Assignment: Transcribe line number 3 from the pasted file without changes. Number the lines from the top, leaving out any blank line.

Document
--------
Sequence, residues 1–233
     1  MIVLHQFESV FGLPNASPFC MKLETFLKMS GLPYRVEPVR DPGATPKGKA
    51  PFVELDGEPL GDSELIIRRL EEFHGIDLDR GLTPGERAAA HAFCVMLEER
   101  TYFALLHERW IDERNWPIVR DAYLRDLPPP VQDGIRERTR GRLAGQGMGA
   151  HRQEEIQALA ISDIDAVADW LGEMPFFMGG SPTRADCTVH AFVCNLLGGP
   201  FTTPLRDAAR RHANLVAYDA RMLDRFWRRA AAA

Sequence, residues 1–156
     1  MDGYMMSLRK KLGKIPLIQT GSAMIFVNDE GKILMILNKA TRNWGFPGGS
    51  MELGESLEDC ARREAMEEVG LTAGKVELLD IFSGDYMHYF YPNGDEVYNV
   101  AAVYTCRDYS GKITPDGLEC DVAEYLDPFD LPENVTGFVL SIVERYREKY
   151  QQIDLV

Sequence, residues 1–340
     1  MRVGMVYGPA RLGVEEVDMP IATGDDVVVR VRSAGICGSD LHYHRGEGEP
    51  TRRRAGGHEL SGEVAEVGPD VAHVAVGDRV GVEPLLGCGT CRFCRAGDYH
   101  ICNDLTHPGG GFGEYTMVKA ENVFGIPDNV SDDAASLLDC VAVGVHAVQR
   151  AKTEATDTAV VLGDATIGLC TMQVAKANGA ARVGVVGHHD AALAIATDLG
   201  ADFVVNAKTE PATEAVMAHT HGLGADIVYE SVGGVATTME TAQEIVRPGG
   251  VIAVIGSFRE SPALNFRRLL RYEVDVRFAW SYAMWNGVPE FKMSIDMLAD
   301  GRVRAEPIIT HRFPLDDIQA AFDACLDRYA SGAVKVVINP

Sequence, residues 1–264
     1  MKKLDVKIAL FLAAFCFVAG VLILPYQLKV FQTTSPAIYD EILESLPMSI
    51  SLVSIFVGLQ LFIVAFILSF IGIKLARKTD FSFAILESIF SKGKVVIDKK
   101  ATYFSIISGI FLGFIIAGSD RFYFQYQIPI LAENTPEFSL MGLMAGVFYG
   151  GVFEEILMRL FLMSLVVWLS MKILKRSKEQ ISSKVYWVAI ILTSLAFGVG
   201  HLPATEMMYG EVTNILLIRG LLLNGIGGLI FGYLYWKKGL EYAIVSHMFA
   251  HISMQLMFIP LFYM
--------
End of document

    51  PFVELDGEPL GDSELIIRRL EEFHGIDLDR GLTPGERAAA HAFCVMLEER